You can skip the next comic if you’d like to pass over the rest of this (very mildly) mature theme.

I’ve tried to clarify the legalities as pointed out in the comments. Is Mus over or under 20 years old? How can Iusta, a woman, be a legal witness? How many witnesses do you need to free a slave? Don’t you need to perform a ceremony in front of a magistrate of some sort? And so forth. (Answers: maybe, she can’t, hard to say but eventually decided to be 5, no you don’t.)

From the comments:

mummpizz: Don’t you need seven witnesses for a purchase as large as a slave (excluding vendor and buyer)? And aren’t women forbidden to testify? Though my heart and my eyes rejoice, my brain keeps nagging.

klio: I’ve seen an eventual, much later legal requirement for five valid witnesses during an informal manumission (freeing a slave at home, rather than with a ceremony in front of a magistrate). The fact that they had to create a law about it suggests that the number of witnesses on such documents needed regulation.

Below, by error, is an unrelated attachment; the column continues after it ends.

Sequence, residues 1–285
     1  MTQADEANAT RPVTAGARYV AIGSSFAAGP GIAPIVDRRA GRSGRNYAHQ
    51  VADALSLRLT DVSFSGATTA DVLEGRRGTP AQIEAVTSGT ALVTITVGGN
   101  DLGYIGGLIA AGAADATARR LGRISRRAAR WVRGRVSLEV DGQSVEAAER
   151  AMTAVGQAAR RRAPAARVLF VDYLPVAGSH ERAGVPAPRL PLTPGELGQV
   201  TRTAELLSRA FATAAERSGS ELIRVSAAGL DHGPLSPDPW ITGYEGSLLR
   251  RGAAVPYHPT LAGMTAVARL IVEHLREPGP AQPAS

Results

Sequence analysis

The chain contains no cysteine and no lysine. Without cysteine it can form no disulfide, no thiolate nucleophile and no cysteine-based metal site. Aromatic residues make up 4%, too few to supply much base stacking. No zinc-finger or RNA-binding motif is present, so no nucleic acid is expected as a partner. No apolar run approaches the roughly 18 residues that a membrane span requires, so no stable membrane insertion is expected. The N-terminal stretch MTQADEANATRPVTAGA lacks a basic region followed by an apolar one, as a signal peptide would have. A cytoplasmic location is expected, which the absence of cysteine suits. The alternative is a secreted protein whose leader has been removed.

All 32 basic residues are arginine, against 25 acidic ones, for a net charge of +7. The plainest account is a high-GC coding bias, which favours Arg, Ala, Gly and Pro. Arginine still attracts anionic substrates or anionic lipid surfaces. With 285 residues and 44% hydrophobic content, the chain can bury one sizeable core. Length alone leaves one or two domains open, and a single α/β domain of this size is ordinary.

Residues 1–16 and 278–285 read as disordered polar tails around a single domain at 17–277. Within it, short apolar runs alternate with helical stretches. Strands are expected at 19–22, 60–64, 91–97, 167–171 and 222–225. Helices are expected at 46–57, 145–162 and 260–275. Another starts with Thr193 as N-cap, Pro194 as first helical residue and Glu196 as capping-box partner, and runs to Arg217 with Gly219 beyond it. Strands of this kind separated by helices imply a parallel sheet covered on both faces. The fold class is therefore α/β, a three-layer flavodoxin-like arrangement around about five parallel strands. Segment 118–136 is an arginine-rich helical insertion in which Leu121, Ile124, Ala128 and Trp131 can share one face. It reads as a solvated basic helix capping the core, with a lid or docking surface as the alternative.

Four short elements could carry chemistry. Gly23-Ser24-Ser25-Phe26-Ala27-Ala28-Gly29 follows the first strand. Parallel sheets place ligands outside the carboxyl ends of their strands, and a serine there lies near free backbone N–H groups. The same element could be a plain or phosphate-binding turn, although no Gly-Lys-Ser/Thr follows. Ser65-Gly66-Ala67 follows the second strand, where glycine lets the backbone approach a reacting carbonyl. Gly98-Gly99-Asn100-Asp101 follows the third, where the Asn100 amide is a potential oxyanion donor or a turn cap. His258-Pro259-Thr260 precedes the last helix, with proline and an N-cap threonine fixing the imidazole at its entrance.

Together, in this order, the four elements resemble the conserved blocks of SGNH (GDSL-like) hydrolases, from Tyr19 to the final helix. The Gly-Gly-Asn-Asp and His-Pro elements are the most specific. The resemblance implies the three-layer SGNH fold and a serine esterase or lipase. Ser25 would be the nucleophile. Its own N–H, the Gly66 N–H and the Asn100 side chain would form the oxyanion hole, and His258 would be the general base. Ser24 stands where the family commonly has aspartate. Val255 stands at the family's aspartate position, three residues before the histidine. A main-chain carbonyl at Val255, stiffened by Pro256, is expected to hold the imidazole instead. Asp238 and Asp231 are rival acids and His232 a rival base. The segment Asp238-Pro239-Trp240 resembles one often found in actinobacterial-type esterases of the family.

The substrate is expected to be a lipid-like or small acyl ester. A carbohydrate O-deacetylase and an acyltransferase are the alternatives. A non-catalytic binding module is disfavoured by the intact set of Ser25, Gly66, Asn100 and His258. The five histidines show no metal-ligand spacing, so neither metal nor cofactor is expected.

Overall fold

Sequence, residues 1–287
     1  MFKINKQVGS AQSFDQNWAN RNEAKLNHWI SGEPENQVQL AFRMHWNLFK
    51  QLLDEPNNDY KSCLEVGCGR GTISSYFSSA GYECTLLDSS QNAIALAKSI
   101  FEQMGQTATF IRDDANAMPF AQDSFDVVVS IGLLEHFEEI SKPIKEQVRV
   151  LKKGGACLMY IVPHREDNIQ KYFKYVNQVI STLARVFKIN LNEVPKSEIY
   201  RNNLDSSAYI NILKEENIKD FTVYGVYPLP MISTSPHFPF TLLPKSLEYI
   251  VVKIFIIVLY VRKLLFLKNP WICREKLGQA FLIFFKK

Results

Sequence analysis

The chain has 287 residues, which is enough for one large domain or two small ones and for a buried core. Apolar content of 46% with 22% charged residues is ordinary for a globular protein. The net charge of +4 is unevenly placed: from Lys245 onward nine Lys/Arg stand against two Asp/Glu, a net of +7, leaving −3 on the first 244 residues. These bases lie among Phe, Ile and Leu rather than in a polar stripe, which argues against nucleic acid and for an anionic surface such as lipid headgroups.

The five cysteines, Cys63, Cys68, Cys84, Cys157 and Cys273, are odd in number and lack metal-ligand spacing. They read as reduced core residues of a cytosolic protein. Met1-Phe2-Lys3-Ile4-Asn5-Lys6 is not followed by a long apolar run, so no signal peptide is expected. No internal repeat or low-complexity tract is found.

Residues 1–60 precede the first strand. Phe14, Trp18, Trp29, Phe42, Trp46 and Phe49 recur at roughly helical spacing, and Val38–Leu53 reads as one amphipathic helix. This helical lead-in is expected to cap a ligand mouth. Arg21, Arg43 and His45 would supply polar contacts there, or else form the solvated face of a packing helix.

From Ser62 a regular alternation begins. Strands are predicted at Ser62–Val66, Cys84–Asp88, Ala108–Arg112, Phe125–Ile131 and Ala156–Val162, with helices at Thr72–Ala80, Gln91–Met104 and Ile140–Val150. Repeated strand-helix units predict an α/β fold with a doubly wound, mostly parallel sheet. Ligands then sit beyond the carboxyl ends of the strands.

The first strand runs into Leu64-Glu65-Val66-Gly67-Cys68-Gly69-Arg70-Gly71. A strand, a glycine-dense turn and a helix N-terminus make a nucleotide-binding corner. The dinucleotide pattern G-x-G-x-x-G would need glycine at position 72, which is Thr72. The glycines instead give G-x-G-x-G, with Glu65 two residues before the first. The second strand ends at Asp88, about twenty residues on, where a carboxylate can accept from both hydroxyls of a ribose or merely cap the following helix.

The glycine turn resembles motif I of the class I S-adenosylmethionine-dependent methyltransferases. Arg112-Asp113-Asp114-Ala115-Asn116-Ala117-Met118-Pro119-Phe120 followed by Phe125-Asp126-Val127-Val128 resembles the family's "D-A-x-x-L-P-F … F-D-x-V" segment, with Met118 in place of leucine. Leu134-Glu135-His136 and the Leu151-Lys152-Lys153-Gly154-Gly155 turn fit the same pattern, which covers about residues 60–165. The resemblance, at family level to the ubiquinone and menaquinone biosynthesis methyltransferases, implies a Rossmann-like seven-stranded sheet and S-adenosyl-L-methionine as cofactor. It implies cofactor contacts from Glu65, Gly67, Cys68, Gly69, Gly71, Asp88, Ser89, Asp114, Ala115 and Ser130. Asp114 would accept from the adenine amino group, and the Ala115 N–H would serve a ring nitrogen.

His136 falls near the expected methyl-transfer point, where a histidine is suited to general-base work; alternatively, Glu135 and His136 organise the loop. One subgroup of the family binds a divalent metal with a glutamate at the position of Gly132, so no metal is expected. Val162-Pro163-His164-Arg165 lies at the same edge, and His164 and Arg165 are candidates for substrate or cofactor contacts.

Freeing a slave could be complex and highly ceremonial, or simple under emergency circumstances. Documents such as wills required a higher degree of formality, including being careful that highly interested parties not be the witnesses. It’s not my understanding that seven witnesses are always necessary for this sort of exchange (and Felix is more concerned that someone be willing to say “I was there, he freed her before the baby was born”), but it’s always possible I’ve forgotten something and should delve into the books and check.

I guess I should have tried harder to explain that Iusta is not meant to be signing on to the document as a witness, which she can’t be like a man (otherwise Felix wouldn’t have needed to find someone off the street), but as “present,” just as the the women present at Iusta’s birth were brought in during the lawsuit.